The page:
By: Anand Harsh
It took four east coast hip-hop heads to come up with a concept we've all kinda been waiting for: why not combine the cutting-edge production techniques of the underground bass music scene with the idea of a real rap group? That's a great question.
But what's a real rap group? Let's start with multiple strong, cogent forces that can attack a theme from multiple angles providing a wealth of looks, sounds, and perspectives. OK, check.
Now most rap groups today that aren't legends or rich enough to buy beats from superstars tend to fall back on trite sounds and familiar tropes that don't sound vintage or retro—just plain old and lame. That's why you bring in a true fan of the art of hip-hop who really understands what it means to create a foundation for lyrical flow, but also can get creative with the booms and baps to the point where the beat can stand on its own, and the rhymes are tastefully decorating the inside of a beautiful mansion.
On top of that, you need a real hook. Some sort of sonic element that will not only tie everything together, but also make the cohesive tracks stand apart from the rest of the scene. A crucial element that is not melodic but bombastic. Ooooh I know—horns!
Bad Poetry Club combines the production skills of Tonio Sagan, the beatboxing and rapping skills of Honeycomb, Sotorios' (Political Animals) rhymes, and Moon Hooch's Michael Wilbur on a variety of horns. It truly is a combination of everything you want out of a hip-hop ensemble completely with incisive commentary, a tongue-in-cheek feel, and a sound that is very of the moment, which is critical in terms of viability, both commercially and in terms of developing the sort of rabid fan base it takes to be on top these days. Obviously Moon Hooch is happening, and fans can get in the door that way. Also Gable “Honeycomb” Johnson has found himself at the center of a lot of the scenes for underground bass in New York and made himself quite indispensible as a host and emcee with his beatboxing skills, to boot. The makings of a successful supergroup are all right there.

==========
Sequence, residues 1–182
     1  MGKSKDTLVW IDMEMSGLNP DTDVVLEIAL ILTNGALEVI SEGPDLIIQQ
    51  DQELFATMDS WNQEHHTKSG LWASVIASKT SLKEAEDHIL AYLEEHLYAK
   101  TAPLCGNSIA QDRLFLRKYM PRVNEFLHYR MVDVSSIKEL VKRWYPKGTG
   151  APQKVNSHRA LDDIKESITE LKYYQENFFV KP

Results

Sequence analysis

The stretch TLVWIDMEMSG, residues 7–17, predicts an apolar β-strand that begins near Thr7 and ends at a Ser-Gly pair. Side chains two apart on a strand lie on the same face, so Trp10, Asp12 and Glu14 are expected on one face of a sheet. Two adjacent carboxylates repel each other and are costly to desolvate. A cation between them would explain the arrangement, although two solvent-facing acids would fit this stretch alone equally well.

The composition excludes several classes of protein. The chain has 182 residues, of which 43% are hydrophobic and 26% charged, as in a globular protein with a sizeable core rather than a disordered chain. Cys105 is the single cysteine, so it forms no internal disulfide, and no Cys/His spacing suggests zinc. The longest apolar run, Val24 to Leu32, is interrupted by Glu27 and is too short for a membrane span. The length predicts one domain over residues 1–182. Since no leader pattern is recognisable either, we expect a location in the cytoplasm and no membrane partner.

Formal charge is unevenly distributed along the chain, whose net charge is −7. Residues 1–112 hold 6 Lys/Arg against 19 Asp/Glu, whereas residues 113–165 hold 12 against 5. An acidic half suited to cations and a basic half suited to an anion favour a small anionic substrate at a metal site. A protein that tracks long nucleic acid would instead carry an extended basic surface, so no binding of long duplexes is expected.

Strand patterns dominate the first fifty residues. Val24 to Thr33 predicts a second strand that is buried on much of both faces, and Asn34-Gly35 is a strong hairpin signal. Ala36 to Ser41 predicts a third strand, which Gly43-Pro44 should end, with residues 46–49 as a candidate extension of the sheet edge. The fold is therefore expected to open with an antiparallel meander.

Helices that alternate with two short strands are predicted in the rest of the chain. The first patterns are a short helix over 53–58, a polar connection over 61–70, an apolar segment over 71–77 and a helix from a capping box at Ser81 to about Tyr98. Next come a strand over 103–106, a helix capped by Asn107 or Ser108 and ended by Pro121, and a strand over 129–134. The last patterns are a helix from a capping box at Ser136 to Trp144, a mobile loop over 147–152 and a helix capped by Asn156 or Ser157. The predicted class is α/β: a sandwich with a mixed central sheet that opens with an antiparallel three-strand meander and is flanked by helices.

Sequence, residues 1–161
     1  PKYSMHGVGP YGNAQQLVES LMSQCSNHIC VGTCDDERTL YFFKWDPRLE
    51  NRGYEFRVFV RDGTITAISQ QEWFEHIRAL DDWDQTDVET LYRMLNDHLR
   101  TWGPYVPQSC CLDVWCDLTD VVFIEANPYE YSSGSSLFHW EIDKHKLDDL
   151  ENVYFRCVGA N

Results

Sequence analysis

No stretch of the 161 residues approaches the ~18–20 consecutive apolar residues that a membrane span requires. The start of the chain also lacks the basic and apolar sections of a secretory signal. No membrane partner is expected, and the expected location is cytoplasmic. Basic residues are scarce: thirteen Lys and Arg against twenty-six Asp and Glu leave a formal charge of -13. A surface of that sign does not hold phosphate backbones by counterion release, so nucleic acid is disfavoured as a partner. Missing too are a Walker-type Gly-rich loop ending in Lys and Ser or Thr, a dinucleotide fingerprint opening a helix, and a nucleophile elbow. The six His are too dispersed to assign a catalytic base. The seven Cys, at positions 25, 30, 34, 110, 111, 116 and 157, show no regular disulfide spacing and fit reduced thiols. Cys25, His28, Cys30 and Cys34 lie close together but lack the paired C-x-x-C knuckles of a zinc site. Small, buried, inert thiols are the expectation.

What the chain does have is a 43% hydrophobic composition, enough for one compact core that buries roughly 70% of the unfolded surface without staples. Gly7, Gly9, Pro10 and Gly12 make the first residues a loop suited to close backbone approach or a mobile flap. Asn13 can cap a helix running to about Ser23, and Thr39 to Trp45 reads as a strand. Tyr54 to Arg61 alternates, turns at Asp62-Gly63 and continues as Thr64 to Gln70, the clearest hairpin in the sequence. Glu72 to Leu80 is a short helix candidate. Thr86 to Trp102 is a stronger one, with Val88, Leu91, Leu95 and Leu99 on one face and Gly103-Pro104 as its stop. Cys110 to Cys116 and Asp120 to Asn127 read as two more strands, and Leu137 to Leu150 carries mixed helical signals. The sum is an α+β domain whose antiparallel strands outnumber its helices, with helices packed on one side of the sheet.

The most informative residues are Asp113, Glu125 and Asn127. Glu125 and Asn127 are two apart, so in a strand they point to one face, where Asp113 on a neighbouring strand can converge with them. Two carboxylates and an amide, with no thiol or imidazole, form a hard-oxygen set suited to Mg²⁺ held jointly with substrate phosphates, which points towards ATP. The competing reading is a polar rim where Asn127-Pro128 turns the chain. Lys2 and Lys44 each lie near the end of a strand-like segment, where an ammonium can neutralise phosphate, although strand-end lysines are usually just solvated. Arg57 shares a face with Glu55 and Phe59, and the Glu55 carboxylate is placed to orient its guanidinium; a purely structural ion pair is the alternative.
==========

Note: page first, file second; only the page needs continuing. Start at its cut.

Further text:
But is the music good?
Sample for yourself. The latest Bad Poetry Club trak is “Victory Lap,” which takes on that boastful air that you want from a hip-hop standpoint, but the self-deprecating, self-aware, and selfless emceeing that runs between its many voices really makes you feel like you're listening to something very groundbreaking. That this is on the precipice of something huge. Sagan's production, as always, is on point, and the overall listenability of the track is high. This is a song that you want on repeat, just so you can pick it apart and enjoy different pieces on subsequent listens that you missed the first six times.
Call me crazy, but I think the Bad Poetry Club is coming up on good times.
Tags: Hip Hop
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